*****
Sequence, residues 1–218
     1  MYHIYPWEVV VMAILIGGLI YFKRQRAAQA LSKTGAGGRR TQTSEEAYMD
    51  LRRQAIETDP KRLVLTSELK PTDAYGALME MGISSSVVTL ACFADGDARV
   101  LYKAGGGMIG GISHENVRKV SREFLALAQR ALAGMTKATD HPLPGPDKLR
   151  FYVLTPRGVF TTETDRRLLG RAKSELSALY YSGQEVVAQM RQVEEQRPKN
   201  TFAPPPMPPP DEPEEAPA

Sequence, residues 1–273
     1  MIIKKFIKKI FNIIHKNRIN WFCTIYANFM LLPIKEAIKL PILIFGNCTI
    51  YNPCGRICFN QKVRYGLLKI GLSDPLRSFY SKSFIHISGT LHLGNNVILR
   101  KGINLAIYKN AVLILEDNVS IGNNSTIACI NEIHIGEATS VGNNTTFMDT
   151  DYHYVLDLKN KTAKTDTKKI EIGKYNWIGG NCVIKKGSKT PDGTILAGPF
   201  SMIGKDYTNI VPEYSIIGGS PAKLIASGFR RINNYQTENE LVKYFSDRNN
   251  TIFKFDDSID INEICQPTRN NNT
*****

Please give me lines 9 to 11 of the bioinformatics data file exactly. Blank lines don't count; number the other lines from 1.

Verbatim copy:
    51  YNPCGRICFN QKVRYGLLKI GLSDPLRSFY SKSFIHISGT LHLGNNVILR
   101  KGINLAIYKN AVLILEDNVS IGNNSTIACI NEIHIGEATS VGNNTTFMDT
   151  DYHYVLDLKN KTAKTDTKKI EIGKYNWIGG NCVIKKGSKT PDGTILAGPF